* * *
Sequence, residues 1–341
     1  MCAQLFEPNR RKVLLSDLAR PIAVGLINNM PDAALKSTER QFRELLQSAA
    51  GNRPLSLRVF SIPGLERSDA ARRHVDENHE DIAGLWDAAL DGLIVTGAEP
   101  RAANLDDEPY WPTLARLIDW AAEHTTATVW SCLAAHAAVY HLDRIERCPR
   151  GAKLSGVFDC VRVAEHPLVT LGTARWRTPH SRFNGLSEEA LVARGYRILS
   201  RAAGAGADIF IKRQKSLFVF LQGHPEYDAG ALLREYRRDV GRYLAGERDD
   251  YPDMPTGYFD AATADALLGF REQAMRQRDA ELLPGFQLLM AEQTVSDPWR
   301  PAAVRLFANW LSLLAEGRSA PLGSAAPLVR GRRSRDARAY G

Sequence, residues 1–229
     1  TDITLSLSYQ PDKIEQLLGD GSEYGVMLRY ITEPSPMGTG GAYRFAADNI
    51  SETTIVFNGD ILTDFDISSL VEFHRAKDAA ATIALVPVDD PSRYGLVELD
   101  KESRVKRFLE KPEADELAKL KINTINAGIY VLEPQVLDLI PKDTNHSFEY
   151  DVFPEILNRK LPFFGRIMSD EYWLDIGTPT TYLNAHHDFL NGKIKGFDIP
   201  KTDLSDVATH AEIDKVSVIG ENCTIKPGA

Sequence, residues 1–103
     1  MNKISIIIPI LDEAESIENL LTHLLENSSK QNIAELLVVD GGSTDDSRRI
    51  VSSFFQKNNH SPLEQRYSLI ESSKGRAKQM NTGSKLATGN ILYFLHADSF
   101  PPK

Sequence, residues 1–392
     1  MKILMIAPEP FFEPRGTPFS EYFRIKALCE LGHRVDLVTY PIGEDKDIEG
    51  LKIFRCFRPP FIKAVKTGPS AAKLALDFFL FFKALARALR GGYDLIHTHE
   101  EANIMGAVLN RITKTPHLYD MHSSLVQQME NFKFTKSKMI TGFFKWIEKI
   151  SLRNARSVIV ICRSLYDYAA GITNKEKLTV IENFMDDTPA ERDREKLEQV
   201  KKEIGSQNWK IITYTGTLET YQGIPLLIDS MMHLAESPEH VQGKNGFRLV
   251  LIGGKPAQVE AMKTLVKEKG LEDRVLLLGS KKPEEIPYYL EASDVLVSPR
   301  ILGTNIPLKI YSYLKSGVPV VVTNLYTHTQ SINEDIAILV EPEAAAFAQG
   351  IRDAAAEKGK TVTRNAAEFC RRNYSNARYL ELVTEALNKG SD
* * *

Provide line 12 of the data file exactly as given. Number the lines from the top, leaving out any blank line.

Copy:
   101  KESRVKRFLE KPEADELAKL KINTINAGIY VLEPQVLDLI PKDTNHSFEY